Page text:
I've only read J.R. Rain's Jim Knighthorse series, so I wasn't sure what to expect here. Here we have another Jim, who's also a PI. There the similarities end. Jimmy Booker is dying, past dying actually, and he's brought one final case to work on before he goes into that bright light. Jimmy was a broken man long before his illness. A man who had given up on life long before the disease that's taking it from him. I won't say more than that, only that Jimmy is a tragic figure and you really need to be in the right mood to read this story. It's not endlessly angsty, but there is angst built into it because of Jimmy's condition, which the narrative never shies away from.
Normally, the amount of repetition that's present in this book would make me grit my teeth or sigh in frustration, but I really felt it was necessary here. There's a tendency for people to pretend death isn't real, isn't happening, even when it's right in front of our face, so being constantly reminded of Jimmy's condition and his current circumstances in his personal life and how he got there is needed, I think. I can totally see why it would bother others and put them off, though.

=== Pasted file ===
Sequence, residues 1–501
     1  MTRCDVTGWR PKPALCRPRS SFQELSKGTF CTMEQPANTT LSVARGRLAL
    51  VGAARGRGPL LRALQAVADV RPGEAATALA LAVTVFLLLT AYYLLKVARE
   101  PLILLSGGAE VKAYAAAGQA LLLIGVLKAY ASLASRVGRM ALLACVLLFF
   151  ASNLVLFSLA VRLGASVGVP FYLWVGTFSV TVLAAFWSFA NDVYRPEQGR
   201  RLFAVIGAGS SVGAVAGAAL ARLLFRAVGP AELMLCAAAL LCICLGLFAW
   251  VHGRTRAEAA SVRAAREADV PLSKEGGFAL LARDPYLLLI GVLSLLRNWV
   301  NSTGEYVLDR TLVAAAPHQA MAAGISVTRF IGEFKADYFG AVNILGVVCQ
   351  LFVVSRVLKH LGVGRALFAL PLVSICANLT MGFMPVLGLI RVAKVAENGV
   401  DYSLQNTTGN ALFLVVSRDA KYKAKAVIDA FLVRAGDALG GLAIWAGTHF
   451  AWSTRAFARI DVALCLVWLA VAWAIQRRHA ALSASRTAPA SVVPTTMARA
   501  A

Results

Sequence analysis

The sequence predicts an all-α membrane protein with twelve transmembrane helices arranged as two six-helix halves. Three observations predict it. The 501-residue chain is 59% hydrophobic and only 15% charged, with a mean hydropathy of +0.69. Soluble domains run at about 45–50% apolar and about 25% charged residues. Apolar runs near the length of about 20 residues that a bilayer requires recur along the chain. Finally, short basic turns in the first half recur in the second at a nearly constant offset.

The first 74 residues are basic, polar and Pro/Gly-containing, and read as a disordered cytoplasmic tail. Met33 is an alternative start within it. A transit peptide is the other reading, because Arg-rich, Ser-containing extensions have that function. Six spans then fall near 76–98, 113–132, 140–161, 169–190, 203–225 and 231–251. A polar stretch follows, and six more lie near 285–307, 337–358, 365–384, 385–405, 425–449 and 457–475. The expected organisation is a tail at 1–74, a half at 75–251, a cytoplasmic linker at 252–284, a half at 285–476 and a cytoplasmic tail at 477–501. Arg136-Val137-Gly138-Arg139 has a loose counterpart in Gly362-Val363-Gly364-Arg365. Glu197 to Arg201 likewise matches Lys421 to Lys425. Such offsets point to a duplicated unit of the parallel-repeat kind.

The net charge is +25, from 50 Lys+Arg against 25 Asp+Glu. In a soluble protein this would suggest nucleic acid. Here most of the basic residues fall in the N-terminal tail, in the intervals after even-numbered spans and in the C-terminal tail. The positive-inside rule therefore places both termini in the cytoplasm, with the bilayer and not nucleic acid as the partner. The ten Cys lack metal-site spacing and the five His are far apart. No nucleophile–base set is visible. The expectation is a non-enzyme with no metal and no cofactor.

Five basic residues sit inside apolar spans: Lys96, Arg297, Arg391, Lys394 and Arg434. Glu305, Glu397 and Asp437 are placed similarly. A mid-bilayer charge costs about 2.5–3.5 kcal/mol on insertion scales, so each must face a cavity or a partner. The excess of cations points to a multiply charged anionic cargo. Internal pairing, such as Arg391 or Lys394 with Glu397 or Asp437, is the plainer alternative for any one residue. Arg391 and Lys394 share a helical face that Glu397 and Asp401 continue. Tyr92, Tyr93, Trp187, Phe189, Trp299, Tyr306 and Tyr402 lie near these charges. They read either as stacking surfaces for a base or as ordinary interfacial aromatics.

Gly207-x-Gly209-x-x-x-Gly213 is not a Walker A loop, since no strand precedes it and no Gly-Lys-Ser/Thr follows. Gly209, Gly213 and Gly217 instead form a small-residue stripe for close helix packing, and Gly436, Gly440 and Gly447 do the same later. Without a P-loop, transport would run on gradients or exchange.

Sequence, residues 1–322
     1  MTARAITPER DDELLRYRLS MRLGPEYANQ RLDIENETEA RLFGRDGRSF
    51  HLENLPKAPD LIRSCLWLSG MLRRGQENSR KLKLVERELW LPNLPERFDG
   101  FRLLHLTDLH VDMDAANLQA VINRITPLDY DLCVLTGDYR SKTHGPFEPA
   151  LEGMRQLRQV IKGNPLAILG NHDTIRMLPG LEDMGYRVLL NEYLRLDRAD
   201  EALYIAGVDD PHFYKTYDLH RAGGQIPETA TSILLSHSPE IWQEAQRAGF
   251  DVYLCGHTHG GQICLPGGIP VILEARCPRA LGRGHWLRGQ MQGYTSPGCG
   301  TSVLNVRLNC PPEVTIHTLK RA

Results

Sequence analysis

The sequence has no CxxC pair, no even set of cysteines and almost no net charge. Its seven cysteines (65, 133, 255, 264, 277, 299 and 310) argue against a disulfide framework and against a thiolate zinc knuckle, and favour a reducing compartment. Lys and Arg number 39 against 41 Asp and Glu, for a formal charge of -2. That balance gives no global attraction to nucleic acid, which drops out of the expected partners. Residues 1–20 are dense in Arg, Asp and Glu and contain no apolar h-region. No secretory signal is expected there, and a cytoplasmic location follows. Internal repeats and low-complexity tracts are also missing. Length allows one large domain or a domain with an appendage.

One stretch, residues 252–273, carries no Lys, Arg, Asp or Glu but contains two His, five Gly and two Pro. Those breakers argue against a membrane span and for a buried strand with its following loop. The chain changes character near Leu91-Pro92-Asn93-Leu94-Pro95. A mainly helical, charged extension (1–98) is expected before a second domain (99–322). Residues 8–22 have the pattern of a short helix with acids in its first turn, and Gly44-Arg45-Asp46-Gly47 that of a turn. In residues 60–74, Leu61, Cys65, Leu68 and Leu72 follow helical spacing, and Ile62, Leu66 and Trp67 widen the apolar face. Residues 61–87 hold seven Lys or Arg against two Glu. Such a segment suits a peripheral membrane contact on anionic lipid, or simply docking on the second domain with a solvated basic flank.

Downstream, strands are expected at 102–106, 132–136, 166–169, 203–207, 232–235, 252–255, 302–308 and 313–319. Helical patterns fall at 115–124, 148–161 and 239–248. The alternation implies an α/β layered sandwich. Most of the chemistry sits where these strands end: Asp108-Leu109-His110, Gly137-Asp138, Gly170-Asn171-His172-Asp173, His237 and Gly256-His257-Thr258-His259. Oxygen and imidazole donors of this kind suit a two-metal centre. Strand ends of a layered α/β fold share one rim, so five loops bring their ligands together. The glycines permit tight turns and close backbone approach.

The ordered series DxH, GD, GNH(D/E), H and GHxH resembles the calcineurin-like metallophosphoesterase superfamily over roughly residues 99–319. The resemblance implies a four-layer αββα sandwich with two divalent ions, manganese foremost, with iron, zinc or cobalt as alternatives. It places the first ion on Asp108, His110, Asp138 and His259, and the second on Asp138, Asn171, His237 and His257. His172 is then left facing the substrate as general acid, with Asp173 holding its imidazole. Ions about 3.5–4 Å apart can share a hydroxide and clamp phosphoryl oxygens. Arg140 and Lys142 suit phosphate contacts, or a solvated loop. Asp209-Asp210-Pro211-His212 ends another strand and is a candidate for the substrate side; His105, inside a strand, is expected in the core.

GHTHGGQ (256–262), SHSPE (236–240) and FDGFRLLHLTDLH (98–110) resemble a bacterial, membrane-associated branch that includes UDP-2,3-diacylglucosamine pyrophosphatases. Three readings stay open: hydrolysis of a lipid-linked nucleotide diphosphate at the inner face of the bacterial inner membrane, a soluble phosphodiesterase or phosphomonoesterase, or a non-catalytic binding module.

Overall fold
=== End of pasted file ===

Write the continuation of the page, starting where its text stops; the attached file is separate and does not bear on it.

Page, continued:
I'm a little uncomfortable about his attitude about Numi, and there were some moments of unbelievability with Mary. Pretty much all her moments really, but in the end, the relationships worked for me on an emotional level. I do like the author's tone and style.
An engaging book and tale, all around, and a quick read.